They also show a good grasp of numbers up to 20. They could count up and count down and could add on and take away accurately. When playing together, they socialise well and make up games for themselves that involve reading and writing activities.

Children are clearly being prepared well for Year 1. ? In key stage 1, pupils make strong progress in developing their skills in reading, writing and mathematics. They quickly learn to form letters correctly and many progress quickly to writing in sentences and paragraphs.

There are frequent opportunities for them to write at length. They gain confidence to solve problems in mathematics as they are introduced to lots of possible approaches. Good mathematics resources are used to help them grasp important concepts.

Pupils are heard to read by an adult on most days and any pupil who is less secure in reading gets additional help. As a result, almost all pupils who fell below the expected standard in phonics in Year 1 reach the expected standard in Year 2. ? More widely across the school, reading skills are being developed well.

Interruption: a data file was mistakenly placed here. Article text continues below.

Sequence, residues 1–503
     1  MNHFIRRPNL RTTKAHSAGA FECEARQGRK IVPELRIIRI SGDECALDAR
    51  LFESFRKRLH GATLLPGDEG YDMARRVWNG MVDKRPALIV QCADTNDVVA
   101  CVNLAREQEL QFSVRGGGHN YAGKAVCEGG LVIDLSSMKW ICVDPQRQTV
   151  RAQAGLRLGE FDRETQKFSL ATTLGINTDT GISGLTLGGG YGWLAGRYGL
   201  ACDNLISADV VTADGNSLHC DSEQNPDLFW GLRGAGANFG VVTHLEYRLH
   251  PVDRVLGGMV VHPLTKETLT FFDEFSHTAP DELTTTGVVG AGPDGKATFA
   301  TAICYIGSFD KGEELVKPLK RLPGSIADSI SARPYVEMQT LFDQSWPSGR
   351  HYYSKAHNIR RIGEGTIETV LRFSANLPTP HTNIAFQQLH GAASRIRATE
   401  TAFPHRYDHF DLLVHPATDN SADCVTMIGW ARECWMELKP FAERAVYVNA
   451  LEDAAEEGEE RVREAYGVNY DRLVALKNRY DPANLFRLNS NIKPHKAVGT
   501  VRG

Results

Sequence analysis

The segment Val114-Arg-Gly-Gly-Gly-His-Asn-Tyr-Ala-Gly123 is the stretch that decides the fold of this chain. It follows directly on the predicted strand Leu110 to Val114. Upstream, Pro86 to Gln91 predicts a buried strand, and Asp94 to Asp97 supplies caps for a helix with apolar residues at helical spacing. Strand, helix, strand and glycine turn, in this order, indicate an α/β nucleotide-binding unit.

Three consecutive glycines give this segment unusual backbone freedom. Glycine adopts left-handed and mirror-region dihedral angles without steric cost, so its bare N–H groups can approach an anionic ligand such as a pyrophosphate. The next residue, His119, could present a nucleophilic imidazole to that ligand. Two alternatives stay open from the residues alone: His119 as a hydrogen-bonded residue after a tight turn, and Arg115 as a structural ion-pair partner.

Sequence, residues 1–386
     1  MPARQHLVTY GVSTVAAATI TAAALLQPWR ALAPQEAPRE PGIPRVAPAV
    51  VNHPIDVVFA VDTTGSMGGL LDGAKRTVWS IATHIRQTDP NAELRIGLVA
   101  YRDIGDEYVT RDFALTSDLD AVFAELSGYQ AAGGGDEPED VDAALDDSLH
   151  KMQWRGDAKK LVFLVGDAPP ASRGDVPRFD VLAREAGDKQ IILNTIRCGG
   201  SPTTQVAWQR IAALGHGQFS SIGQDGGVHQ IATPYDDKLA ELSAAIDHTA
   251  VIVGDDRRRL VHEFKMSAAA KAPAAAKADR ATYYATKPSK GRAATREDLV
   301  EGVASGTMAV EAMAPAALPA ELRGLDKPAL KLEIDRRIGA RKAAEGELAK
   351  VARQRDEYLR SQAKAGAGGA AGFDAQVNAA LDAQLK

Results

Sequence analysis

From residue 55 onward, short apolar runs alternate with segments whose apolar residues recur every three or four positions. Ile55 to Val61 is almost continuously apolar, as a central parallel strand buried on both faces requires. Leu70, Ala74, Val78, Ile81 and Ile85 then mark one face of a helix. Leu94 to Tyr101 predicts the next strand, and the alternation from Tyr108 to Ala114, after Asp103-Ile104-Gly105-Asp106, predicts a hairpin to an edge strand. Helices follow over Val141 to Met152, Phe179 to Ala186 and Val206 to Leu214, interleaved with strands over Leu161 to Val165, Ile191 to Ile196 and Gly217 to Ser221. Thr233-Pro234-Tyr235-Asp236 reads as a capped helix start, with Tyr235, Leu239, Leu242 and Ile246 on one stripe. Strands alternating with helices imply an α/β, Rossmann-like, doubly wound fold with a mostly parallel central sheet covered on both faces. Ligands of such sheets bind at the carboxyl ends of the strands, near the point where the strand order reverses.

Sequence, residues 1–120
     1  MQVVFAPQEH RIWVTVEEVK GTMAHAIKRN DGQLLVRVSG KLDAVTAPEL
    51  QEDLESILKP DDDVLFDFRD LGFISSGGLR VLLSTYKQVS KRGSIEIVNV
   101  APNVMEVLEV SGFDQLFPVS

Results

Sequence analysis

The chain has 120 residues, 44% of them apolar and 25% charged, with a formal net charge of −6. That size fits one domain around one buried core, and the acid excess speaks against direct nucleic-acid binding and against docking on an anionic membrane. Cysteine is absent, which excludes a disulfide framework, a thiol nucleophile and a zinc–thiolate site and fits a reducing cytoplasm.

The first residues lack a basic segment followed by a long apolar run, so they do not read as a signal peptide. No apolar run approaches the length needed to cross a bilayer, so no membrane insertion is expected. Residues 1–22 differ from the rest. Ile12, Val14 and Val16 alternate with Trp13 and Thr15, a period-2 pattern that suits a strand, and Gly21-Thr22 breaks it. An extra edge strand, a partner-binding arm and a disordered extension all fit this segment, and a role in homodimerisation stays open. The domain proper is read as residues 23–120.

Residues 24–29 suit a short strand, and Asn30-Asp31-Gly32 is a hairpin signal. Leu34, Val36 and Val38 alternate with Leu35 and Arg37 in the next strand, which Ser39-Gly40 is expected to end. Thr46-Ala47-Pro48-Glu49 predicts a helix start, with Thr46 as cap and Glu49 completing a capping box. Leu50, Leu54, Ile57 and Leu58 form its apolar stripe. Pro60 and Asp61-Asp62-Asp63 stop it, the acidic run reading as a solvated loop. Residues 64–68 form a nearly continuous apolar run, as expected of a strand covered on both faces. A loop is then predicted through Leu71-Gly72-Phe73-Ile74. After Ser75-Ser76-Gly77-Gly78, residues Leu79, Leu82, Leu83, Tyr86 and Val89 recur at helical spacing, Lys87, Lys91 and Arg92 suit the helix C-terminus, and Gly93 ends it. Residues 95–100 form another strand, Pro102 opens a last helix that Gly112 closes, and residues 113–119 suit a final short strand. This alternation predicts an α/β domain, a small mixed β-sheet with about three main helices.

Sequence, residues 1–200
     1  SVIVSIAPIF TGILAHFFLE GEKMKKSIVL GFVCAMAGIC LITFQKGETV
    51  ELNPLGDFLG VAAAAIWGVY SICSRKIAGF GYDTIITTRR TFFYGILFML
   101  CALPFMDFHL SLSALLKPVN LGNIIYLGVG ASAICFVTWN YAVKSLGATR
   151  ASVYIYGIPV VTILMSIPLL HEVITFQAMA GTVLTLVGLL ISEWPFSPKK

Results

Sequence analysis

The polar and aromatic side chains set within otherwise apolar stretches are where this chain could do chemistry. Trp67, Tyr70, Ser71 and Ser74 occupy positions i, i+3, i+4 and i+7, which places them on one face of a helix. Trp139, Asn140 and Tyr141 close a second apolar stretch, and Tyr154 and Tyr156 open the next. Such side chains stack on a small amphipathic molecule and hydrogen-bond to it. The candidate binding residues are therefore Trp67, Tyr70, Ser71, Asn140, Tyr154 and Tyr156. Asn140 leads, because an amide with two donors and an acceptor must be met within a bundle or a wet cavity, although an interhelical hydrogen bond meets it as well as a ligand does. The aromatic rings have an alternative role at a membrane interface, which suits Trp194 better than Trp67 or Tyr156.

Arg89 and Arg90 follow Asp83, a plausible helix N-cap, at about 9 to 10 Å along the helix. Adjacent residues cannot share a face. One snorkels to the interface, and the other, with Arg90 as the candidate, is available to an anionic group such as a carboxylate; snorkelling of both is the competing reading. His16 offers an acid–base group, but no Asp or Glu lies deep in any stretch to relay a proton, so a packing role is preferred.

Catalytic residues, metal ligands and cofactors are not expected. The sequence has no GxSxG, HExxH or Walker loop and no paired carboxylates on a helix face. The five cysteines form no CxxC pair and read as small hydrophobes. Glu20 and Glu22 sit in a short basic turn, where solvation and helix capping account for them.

Pupils' reading records show they read often, with many parents actively involved in reading with their children. In key stage 2, guided reading sessions take place twice a week. Pupils look at a wide variety of texts and are taught how to analyse and infer meaning.

The school has a good system in place to assess pupils' progress in reading so that they get suitably challenging books. The most able readers, therefore, are stretched because their books are challenging. ? I also chose to look at the progress being made by disadvantaged pupils currently in the school.

I found you track the progress and attainment of different groups of pupils carefully. Consequently, you and the governors know how well disadvantaged pupils are doing. Consequently, you know disadvantaged pupils are not attaining as well as their peers in some classes.